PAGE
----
The study of political thought tends to be dispersed within and across a number of different disciplines – political science, philosophy, history, law, sociology, economics, and cultural and literary studies, among others – and to involve a wide variety of approaches.
As a result, the distinctive interests and concerns of this sub-field risk being lost because much academic policy focuses on addressing the main branches of those disciplines within which political thought is to be found. The fact that political thought often challenges the boundaries of these disciplines makes it even easier to ignore or marginalise. The foundation of the APT is intended to address the three main dimensions of this situation:
- By providing a mechanism for advocating, to relevant policy makers, the concerns of those engaged in political thought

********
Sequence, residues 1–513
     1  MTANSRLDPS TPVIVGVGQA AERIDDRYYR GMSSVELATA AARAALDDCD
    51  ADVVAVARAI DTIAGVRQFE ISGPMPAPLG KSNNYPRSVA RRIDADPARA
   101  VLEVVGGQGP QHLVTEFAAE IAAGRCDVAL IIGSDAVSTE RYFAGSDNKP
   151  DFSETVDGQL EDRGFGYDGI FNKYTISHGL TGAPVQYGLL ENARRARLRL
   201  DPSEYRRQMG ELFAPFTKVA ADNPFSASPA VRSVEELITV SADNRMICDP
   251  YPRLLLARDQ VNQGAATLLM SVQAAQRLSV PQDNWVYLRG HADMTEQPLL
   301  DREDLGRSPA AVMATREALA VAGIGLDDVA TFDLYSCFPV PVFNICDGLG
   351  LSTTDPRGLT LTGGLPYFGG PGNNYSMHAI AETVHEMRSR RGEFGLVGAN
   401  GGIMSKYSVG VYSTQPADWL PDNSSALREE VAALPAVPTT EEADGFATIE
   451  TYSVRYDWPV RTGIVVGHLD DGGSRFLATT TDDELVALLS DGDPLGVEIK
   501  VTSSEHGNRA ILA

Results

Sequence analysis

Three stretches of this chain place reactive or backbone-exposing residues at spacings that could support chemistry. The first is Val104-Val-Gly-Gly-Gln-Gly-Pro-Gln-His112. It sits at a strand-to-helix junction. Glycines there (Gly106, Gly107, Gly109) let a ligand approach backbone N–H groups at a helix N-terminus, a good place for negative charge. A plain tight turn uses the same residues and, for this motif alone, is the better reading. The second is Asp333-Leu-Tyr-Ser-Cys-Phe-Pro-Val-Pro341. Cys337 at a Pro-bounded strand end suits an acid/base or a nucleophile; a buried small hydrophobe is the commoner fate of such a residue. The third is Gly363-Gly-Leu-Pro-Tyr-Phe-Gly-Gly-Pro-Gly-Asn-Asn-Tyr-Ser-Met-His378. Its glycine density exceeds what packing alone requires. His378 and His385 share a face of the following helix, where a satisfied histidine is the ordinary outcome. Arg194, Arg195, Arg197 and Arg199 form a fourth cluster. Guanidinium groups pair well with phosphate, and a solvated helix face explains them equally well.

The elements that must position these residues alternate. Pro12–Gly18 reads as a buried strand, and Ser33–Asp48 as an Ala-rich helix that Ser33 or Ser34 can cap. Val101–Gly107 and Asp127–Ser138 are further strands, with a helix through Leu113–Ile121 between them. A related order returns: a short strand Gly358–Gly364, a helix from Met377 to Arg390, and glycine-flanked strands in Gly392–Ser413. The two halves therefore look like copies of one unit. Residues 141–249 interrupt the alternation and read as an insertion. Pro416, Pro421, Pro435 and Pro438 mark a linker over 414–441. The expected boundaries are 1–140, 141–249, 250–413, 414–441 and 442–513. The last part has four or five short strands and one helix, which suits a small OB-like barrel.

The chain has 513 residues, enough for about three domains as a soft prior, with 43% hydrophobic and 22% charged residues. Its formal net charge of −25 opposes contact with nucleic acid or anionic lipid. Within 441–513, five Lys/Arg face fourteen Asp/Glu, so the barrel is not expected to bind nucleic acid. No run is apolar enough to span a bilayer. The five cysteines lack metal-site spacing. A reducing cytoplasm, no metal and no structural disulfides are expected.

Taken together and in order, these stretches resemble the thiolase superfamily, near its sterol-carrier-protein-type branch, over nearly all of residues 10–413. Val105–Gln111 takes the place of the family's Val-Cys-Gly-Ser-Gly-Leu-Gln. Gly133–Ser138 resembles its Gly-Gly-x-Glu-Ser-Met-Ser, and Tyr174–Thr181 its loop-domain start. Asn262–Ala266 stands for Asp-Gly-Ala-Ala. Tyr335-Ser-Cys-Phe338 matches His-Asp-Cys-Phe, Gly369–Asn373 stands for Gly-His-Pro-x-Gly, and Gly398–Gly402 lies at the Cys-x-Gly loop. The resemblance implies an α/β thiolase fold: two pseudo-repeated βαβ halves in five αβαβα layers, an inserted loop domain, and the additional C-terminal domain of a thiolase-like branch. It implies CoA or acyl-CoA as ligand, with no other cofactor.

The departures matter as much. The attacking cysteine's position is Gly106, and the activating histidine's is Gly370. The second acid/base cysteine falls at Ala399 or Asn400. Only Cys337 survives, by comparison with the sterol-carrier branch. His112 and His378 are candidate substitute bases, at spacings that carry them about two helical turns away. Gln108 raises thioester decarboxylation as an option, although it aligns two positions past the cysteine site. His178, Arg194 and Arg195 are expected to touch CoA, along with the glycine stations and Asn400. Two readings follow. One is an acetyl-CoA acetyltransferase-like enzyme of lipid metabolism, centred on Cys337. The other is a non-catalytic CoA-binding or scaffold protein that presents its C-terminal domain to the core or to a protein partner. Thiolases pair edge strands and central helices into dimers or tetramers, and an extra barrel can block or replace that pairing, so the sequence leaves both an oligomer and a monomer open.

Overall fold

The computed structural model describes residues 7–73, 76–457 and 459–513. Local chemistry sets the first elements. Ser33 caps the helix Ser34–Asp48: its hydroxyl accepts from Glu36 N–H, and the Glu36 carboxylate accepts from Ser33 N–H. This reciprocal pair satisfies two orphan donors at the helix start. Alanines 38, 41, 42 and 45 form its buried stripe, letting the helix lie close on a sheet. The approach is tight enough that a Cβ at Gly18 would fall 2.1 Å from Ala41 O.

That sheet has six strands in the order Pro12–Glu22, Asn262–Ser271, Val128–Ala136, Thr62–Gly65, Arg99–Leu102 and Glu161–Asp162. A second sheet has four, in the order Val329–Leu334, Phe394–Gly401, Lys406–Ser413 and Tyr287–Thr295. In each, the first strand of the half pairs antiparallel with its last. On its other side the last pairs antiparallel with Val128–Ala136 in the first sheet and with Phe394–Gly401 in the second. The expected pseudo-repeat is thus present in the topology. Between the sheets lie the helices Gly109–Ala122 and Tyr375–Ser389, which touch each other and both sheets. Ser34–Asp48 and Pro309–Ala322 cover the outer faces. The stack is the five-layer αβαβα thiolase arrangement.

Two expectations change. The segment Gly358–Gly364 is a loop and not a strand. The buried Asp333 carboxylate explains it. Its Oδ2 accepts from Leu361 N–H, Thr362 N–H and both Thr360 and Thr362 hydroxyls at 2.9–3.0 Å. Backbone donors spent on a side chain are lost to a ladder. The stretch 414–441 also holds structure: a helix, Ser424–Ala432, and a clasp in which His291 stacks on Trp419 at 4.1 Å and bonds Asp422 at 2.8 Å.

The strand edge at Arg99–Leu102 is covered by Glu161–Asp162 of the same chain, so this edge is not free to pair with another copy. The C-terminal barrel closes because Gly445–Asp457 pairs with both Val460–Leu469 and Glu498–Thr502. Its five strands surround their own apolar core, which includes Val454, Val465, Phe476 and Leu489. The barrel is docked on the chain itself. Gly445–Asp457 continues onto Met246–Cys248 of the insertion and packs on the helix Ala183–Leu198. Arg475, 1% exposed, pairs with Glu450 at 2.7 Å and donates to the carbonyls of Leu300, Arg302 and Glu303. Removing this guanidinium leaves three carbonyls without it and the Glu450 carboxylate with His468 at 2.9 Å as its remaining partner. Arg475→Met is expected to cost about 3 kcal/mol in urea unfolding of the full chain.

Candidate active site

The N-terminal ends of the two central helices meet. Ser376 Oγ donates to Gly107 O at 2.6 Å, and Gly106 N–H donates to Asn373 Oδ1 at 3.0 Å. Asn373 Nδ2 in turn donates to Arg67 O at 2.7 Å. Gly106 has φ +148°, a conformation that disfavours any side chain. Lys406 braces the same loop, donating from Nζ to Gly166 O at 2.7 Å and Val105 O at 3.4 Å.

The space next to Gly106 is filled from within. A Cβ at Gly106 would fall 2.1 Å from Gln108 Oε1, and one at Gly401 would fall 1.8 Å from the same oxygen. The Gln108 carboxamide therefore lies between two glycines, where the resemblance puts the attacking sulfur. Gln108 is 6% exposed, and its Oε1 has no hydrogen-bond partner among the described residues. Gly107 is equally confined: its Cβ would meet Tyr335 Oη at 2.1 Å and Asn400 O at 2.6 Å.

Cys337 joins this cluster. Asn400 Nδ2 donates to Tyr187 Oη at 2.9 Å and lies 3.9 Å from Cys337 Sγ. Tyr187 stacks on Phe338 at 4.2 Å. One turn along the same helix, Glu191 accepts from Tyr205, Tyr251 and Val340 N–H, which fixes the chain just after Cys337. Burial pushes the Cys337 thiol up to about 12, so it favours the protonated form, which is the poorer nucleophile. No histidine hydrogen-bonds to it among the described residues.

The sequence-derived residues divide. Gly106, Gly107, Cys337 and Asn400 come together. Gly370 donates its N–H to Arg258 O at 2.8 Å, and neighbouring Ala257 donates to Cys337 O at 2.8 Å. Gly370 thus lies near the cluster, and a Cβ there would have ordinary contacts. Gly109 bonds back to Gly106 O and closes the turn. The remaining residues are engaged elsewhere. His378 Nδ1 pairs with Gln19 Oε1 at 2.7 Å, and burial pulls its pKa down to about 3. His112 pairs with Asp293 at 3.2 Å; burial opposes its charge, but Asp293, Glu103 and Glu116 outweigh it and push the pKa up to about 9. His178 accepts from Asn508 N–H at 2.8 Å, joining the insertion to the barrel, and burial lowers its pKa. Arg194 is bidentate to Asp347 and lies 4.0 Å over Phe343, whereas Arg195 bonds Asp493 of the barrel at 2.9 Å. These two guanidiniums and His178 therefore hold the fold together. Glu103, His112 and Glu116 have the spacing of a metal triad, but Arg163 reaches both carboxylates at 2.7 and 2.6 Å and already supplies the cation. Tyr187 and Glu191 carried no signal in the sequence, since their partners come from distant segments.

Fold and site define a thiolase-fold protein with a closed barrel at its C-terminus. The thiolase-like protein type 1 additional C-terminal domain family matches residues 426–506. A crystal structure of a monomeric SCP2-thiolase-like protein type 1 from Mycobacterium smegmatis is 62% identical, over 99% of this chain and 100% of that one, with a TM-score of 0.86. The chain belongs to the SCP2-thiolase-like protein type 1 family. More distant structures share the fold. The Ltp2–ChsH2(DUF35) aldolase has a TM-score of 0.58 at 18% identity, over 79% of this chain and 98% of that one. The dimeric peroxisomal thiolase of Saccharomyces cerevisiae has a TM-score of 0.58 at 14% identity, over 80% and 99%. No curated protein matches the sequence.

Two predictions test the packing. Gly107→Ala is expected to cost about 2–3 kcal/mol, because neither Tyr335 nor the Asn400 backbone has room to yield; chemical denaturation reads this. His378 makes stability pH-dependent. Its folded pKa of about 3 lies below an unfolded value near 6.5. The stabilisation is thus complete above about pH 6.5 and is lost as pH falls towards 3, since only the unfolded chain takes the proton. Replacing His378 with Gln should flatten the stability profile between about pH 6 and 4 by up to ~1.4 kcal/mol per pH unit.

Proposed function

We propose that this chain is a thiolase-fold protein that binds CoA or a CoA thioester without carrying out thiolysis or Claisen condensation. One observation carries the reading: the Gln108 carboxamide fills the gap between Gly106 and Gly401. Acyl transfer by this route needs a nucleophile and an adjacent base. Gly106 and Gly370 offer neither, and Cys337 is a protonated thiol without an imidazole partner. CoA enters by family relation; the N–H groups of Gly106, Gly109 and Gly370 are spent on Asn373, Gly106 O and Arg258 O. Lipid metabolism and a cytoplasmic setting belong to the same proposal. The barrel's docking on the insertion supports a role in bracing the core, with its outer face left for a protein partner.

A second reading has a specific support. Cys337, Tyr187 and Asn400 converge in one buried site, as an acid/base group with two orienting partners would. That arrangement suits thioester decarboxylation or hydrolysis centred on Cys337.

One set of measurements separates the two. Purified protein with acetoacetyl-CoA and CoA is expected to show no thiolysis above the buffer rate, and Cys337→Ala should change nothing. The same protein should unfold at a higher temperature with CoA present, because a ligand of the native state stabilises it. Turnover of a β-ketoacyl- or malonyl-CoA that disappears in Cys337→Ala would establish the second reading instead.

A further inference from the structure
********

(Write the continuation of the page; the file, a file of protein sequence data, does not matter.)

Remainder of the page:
- Through activity intended to overcome the tendency for political thought to be marginalised or to fall between different disciplines (for example, in addressing how support for research and graduate study in the field is divided between the ESRC and AHRC)
- In facilitating scholarly interaction and collaboration amongst the whole range of practitioners in the field.
- Represent the interests of political thought with regard to both teaching and research in relation to the relevant governmental and non-governmental bodies
- Secure and advance the position of political thought within the Academy
- Act as a facilitator for the research activities of its membership
- Assist the exchange of ideas on teaching activities
- Forge connections with related associations in the UK and other countries.
The APT is formally linked to the January Oxford Political Thought Conference, at which an annual plenary meeting of the Association is held. All participants attending the annual conference automatically become members of APT for the current year.